Tony Price (1937–2000) was a junk artist, painter, sculptor,self-styled "Atomic Artist" and outspoken anti-nuclear activist.
Price was a born in Brooklyn, New York, along with his twin brother, Ted, and sister Carolyn to Thomas Edward Price and Katherine.After he finished high school he spent some time in the Marine Corps. After he was discharged in 1960, he traveled extensively, before arriving in Santa Fe in 1965.
After visiting Los Alamos National Laboratory in 1967 and discovering their salvage yard, he began to create utilitarian objects such as chairs and tables and musical instruments, especially wind chimes and gongs, out of their discarded scraps.He later moved on to creating sculptures, and his most famous works are a group of primitive-inspired masks created out of scrap metal, many of them based on Hopi kachinas. In 1983 filmmakers Glen Silber and Claudia Vianello completed a documentary on price titled "Atomic Artist" that aired nationally on PBS in 1986. In September 1986, Price was given a solo exhibition in the New Mexico Governor's Gallery at the state capitol. The New Mexico Museum of Art organized a major retrospective in 2004 that traveled to the United Nations in 2005.
Allan Capron Houser or Haozous was a Chiricahua Apache sculptor, painter and book illustrator born in Oklahoma. He was one of the most renowned Native American painters and Modernist sculptors of the 20th century.
Olive Rush was an illustrator, muralist, and an important pioneer in Native American art education.
Fritz Scholder was a Native American artist. Born in Breckenridge, Minnesota, Scholder was Luiseño, a California Mission tribe. Scholder's most influential works were post-modern in sensibility and somewhat Pop Art in execution as he sought to deconstruct the mythos of the American Indian. A teacher at the Institute of American Indian Arts in Santa Fe in the late 1960s, Scholder influenced a generation of Native American students.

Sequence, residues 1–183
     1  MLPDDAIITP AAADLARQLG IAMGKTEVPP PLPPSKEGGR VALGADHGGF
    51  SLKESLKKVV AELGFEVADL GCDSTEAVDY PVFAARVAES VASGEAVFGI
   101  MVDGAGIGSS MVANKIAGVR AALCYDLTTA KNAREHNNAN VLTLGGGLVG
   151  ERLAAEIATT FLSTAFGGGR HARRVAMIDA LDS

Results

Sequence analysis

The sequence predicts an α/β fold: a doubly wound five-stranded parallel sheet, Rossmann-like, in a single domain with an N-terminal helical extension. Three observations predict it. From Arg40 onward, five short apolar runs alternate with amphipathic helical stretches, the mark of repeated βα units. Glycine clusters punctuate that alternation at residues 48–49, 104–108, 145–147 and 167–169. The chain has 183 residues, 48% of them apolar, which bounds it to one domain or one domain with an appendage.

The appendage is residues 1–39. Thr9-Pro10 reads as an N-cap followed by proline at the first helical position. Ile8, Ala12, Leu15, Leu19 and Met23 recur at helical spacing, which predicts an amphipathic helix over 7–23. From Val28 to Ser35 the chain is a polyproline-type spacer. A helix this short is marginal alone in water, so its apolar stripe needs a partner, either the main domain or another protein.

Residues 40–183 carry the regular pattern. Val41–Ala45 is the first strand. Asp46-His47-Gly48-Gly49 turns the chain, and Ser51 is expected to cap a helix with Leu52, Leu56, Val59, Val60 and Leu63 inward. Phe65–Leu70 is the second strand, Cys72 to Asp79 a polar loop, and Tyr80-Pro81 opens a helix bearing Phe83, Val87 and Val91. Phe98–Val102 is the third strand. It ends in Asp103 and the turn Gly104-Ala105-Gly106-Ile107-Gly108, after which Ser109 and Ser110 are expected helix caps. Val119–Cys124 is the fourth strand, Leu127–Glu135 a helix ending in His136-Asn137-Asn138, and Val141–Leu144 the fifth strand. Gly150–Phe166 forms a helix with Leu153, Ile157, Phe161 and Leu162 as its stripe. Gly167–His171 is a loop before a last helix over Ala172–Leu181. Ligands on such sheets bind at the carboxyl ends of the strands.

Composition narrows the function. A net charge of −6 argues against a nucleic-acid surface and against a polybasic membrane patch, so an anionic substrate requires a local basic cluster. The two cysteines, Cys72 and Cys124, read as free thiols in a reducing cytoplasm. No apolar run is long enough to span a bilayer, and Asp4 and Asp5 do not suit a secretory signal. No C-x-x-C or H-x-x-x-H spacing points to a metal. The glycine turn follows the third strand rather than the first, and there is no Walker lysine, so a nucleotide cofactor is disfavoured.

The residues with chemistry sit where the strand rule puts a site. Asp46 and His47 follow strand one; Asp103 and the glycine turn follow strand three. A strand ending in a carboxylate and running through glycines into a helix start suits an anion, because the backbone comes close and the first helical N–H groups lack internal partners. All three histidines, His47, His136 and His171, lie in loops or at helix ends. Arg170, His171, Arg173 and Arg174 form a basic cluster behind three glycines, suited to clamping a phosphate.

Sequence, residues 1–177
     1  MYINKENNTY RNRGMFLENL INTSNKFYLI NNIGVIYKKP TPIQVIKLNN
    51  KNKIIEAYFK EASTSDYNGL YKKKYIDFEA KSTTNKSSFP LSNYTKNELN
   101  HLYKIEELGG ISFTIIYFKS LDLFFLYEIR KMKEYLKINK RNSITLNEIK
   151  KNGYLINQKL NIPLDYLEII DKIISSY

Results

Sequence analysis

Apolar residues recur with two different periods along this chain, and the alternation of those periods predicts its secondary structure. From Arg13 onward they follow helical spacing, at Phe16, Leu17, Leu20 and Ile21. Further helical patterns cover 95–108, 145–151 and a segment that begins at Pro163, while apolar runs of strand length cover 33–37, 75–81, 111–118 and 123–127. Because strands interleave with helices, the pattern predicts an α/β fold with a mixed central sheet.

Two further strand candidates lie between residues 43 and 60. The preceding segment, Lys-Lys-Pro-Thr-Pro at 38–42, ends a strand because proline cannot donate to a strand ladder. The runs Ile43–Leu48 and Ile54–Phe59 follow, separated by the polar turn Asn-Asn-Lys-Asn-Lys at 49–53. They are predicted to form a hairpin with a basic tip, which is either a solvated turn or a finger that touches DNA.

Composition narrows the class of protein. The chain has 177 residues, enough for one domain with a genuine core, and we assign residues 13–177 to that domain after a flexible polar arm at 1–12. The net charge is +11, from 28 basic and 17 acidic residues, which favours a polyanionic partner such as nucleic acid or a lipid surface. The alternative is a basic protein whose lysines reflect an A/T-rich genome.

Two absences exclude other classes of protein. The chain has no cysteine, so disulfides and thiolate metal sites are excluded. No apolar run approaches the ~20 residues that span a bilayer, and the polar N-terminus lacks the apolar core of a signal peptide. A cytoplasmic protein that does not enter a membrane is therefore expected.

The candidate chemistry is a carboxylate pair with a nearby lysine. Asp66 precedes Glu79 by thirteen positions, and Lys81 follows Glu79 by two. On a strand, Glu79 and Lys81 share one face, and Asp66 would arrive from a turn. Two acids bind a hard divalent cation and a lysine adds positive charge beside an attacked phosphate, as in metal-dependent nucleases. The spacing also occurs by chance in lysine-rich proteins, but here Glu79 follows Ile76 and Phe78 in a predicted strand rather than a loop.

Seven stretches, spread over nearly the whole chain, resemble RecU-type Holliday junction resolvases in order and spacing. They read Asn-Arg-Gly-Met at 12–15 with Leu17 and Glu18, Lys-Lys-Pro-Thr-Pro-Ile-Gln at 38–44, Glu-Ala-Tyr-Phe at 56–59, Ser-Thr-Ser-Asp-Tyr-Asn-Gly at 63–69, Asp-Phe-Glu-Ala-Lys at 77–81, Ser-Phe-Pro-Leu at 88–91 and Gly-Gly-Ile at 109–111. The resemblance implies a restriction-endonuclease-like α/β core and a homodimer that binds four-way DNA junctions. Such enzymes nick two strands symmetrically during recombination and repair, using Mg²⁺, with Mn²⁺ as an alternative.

John Harvey McCracken was a minimalist artist. He lived and worked in Los Angeles, Santa Fe, New Mexico, and New York.
Fred Sandback was a minimalist conceptual-based sculptor known for his yarn sculptures, drawings, and prints. His estate is represented by David Zwirner, New York.
Charles Loloma was a Hopi Native American artist. He was a highly influential Native American jeweler during the 20th century. He popularized use of gold and gemstones not previously used in Hopi jewelry.
Peter Sarkisian is an American video and multimedia artist who lives and works in Santa Fe, New Mexico.
Joseph M. Sanchez is an artist and museum curator.
Helen Cordero was a Cochiti Pueblo potter from Cochiti, New Mexico. She was renowned for her storyteller pottery figurines, a motif she invented, based upon the traditional "singing mother" motif.
Tom Joyce is a sculptor and MacArthur Fellow known for his work in forged steel and cast iron. Using skills and technology acquired through early training as a blacksmith, Joyce addresses the environmental, political, and social implications of using iron in his work. Exhibited internationally since the 1980s, his work is included in 30-plus public collections in the U.S. and abroad. Joyce works from studios in Santa Fe, New Mexico, and since 2012, in Brussels, Belgium, producing sculpture, drawings, prints, photographs, and videos that reference themes of iron in the human body, iron in industry, and iron in nature.